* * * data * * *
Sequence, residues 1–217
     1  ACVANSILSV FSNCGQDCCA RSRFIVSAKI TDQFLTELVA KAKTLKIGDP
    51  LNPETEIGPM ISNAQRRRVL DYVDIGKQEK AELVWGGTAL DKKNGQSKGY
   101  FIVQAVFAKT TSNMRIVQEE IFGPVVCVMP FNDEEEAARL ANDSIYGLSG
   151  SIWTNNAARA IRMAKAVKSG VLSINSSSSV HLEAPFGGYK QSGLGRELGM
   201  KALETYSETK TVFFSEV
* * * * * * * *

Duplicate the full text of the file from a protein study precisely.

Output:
Sequence, residues 1–217
     1  ACVANSILSV FSNCGQDCCA RSRFIVSAKI TDQFLTELVA KAKTLKIGDP
    51  LNPETEIGPM ISNAQRRRVL DYVDIGKQEK AELVWGGTAL DKKNGQSKGY
   101  FIVQAVFAKT TSNMRIVQEE IFGPVVCVMP FNDEEEAARL ANDSIYGLSG
   151  SIWTNNAARA IRMAKAVKSG VLSINSSSSV HLEAPFGGYK QSGLGRELGM
   201  KALETYSETK TVFFSEV